• differential scanning calorimetry;
  • immunoglobulin-G;
  • histidine;
  • lysine;
  • arginine


BACKGROUND: Protein stability of therapeutic monoclonal antibodies during processing and final storage is imperative for the commercial success of the product. Amino acid addition is one of the options for stabilization of proteins that can be employed during the manufacturing process and storage.

RESULTS: Use of arginine in the elution buffer during Protein A purification and subsequent neutralization doubled the yield of antibody compared with the original glycine-based elution buffer. The role of amino acids in stabilizing monoclonal antibody liquid formulations was then studied using differential scanning calorimetry. Increase in the unfolding transition temperatures (Tm) of immunoglobulin G (IgG) was measured after supplementing a glycine buffer with a range of amino acids. The basic amino acids histidine, lysine, and arginine stabilized all three domains of IgG. The neutral amino acids serine and alanine provided less stabilization; glutamine, proline, and the acidic amino acids provided negligible stabilization.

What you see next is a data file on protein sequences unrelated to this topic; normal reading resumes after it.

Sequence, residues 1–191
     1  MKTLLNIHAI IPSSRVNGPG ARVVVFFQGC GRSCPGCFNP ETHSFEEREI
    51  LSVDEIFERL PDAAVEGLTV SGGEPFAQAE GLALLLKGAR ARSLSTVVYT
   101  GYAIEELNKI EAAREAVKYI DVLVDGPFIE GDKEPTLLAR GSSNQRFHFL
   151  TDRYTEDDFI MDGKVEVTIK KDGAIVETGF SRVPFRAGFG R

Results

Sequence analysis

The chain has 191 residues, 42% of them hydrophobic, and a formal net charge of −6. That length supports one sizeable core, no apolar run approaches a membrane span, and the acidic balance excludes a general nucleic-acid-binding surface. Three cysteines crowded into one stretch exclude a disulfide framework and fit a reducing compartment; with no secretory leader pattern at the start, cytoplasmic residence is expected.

CONCLUSION: The positive charge on the side-chain of histidine, lysine, and arginine appears to be the most important factor affecting the IgG stabilization. It is probable that the mechanism for IgG stabilisation is the same for all of the basic amino acids and that it binds transiently to IgG side chains, altering water populations in the solvation shell, making unfolding and aggregation less energetically favourable. Copyright © 2011 Society of Chemical Industry